A tale of two musicals: King Kong and Legally Blonde

JAMES CROOT
Last updated 05:00 23/06/2013
blonde

King Kong: Esther Hannaford is a charismatic and sympathetic presence as the beauty who ‘‘tames the beast’’.

blonde
Legally Blonde: At its heart is a charming, cute and chutzpah-fuelled performance by one of Australia’s stage sirens Lucy Durack.

Relevant offers

Arts

Shakespeare for teen audience proves popular Cutting it fine: Academy of Fine Arts rebuilds Gardens Arts Festival line-up revealed Giant golden chicken wing, anyone? Well-made things on show Street art museum could be world first Strange and familiar This photo just went for a world record $8.3 million Auckland's waterfront theatre moving forward The art world warms to selfies

Two movie-inspired musicals are vying for your entertainment dollar in Melbourne this winter. James Croot compares the beauty with the beast. 

KING KONG

Inspiration: US film-maker Merian C Cooper's original 1933 film, as well as two remakes.

Location: Regent Theatre, Melbourne.

Ticket prices: From A$60.

Target demographic: Maybe too frightening or risque for young children, but the mix of costumes, music, visual effects and Kong himself means this "action-musical" is likely to be enjoyed by both genders in equal measure.

Plot: A struggling documentary film-maker finds his new leading lady in a soup kitchen line and heads towards the infamous Skull Island with the hope of capturing her encounter with whatever lies in wait on the last uncharted place on Earth.

Acting: While leading man Adam Lyon struggles to overcome his physical and verbal similarities to Jack Black (especially when singing), Esther Hannaford is a charismatic and sympathetic presence as the beauty who "tames the beast". Of course, the real star is Kong himself.

Music and songs: With tunes by The Avalanches, Massive Attack's 3D and Sarah McLachlan there's something to suit a wide range of musical tastes, although the overall impression is one of scattershot (a song each for the Statue of Liberty and the Golden Gate Bridge?!) than true coherence. Moulin Rouge's Marius de Vries provides the atmospheric electronica and re-stylings of 1930s hits. Highlights are the McLachlan-penned What's it Going to Take and Kong love-ballad Full Moon Lullaby.

Choreography: Plenty of toe-tapping numbers with chorus girls a go-go. High energy abounds and everything looked slick and seamless.

Sets and lighting:The Regent has been rejigged especially for the show and it shows from tilting sets to plenty of sub-floor transitions. Visual effects are all part of the wonder and along with Kong, give the show its pizzazz.

Costumes: Risque, revealing and boasting plenty of razzle dazzle, the outfits of the female characters and chorus are certainly eye-catching, from burlesque red to decolletage-revealing "monkey suits". Meanwhile, Kong looks spiffy in fur.

Animal performers: He might be part marionette, part animatronic and unable to move without a squad of acrobats, but this Kong is no donkey.

Overall: While the potential for disaster was high (think The Simpson's Planet of the Apes - the Musical - "from chimpanz-A to chimpanzee"), thankfully Kong is a technical and visual triumph, even if most of the songs and human characters aren't truly memorable (the film's most famous line is merely used as a throwaway remark) and the tone a little lacking in humour.

LEGALLY BLONDE

Inspiration: Amanda Brown's novel and the Reese Witherspoon-starring film.

Location: Princess Theatre, Melbourne, to September 29, 2013.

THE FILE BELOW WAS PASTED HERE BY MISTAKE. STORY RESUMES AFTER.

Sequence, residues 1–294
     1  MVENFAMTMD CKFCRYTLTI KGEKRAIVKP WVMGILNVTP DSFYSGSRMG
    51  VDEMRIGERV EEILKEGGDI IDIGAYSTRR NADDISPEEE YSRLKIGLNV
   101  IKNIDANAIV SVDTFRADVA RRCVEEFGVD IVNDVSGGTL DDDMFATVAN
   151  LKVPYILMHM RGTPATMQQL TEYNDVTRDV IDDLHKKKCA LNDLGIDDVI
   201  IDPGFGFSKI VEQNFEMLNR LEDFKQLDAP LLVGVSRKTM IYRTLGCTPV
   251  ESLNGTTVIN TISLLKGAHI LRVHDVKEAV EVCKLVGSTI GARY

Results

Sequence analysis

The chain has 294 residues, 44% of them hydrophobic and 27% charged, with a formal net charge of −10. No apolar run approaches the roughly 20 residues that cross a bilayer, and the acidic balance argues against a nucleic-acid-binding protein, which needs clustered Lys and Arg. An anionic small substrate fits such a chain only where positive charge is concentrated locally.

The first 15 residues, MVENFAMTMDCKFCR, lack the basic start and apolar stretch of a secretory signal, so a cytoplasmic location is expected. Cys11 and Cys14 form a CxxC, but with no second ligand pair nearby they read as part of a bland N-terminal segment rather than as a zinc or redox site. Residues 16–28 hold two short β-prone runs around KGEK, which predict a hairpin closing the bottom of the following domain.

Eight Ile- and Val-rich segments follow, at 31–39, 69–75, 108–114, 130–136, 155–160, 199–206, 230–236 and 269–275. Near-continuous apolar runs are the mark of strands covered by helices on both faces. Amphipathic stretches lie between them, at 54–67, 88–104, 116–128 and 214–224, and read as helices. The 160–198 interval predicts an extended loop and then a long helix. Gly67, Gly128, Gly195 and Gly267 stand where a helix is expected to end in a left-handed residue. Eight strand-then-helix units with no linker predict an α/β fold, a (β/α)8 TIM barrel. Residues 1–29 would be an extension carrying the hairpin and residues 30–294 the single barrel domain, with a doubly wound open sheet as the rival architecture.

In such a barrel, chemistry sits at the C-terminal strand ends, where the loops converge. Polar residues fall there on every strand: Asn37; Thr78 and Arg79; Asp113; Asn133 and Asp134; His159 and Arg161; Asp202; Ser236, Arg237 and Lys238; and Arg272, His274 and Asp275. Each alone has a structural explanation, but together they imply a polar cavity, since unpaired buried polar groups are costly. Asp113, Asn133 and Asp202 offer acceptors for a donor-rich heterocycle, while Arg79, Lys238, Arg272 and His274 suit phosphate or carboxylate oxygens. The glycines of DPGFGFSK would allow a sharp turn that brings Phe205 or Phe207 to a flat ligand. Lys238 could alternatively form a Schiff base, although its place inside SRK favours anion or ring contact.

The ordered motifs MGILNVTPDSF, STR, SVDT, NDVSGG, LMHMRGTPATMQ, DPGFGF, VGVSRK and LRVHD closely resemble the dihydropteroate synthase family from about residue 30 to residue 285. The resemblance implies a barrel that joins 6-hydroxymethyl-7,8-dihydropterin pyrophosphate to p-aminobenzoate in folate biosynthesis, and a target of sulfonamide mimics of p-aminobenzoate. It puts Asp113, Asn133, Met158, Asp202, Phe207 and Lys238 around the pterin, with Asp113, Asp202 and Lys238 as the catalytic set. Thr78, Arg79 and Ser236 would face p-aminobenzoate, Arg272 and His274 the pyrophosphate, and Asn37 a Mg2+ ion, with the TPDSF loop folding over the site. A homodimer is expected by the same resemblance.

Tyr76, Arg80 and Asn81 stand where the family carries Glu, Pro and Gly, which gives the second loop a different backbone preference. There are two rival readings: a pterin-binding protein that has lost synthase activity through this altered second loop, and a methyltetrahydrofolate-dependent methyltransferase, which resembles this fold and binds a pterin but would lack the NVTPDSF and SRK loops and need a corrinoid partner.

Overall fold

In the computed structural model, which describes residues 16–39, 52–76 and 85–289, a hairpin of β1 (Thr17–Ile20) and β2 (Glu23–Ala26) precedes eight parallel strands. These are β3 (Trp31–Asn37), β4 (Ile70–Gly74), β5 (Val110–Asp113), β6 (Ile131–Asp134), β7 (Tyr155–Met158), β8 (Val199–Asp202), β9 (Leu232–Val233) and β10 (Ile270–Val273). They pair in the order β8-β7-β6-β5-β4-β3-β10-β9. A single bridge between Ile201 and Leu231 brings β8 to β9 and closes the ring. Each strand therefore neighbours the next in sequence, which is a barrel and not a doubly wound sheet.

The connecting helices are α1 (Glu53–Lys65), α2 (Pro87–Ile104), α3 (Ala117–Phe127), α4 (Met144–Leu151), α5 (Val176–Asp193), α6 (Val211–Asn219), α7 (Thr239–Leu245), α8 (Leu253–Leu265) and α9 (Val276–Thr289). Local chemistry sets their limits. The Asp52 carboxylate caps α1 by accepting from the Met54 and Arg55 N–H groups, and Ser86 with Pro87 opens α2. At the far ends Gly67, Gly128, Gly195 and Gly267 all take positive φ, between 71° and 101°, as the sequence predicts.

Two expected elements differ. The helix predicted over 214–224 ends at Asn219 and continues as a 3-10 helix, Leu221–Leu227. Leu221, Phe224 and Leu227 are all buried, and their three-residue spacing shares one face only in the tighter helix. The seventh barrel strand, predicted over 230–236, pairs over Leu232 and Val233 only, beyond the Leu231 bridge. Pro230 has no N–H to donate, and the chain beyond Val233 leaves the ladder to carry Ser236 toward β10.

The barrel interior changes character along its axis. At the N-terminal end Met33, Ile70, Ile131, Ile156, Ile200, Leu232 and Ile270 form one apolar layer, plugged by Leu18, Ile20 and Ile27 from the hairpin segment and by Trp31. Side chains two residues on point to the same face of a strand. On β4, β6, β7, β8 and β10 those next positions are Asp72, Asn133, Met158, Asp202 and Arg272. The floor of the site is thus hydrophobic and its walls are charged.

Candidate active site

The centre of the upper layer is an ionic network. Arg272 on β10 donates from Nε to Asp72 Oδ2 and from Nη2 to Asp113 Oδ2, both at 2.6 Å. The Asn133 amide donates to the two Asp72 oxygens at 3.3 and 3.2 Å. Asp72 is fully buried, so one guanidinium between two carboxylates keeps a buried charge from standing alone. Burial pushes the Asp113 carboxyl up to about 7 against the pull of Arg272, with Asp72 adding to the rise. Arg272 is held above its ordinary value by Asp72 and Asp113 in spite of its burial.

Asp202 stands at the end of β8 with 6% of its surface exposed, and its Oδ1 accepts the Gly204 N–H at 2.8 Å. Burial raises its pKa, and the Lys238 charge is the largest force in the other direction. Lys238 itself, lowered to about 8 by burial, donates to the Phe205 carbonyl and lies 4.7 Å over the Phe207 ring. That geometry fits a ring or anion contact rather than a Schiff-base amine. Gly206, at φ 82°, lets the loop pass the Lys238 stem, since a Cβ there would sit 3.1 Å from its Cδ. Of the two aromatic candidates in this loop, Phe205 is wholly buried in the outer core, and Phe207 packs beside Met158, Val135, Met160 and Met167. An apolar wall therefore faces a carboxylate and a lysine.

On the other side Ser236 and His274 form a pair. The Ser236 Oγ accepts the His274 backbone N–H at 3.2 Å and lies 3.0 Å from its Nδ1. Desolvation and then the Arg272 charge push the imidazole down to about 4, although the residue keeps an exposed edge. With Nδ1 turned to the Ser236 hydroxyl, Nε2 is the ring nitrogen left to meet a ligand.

Ticket prices: From A$59.90

Target demographic: Fans of the movie, those who love pink. Surprising number of tweens in the audience as well as older folks.

Ad Feedback

Plot: Desperate to win her former boyfriend back, California fashion major Elle Woods attempts to gain admission to Harvard Law School.

Acting: Everything you'd expect from an American musical. Everyone plays the comedy broad and the characterisation wide and over the top. At its heart though is a charming, cute and chutzpah-fuelled performance by one of Australia's stage sirens, Lucy Durack.

Music and songs: While the constant peppy and perky tunes may be a little one-note for some, credit Laurence O'Keefe and Nell Benjamin with creating lyrics that aren't afraid to subvert the typical showtunes. Double entendres and risque lyrics abound ("look at eyes and thighs, I'm catnip to the guys"). The highlights are the opening number Omigod You Guys and the informative Bend and Snap.

Choreography: A high-energy show that rarely lets up. Don't think there are many other musicals that include skipping ropes and River Dance moves among its hoofing. The dancing looks slick and professional, even if many of the routines aren't overly complicated.

Sets and lighting: The garish, often cotton-candy coloured backdrops may induce a migraine in some but the many set changes are seamless and make good use of levels.

Costumes: Leading lady Lucy Durack has to cope with 18 (count ‘em) costume changes, most of them impressively quick and all but two of the outfits pink. Fluoro is the other predominate look and snaps to the creators for coming up with a Greek Chorus clad in cheerleading outfits.

Animal performers: Not on stage as much as you might think, especially given Elle's dog Bruiser's central role in the film, but whenever the chihuahua (or its bulldog co-star) enters stage left, the audience is entranced by the antics and obedience.

Overall: It might be a Kiwi bloke's idea of hell, but Legally Blonde is an engaging, entertaining romp with enough eye candy and good humour to melt even the hardest Southern Man's scowl. And for a girl's weekend, it's a must-see.

James Croot visited Melbourne courtesy of Tourism Victoria.

- Sunday Star Times

Comments

Special offers

Featured Promotions

Sponsored Content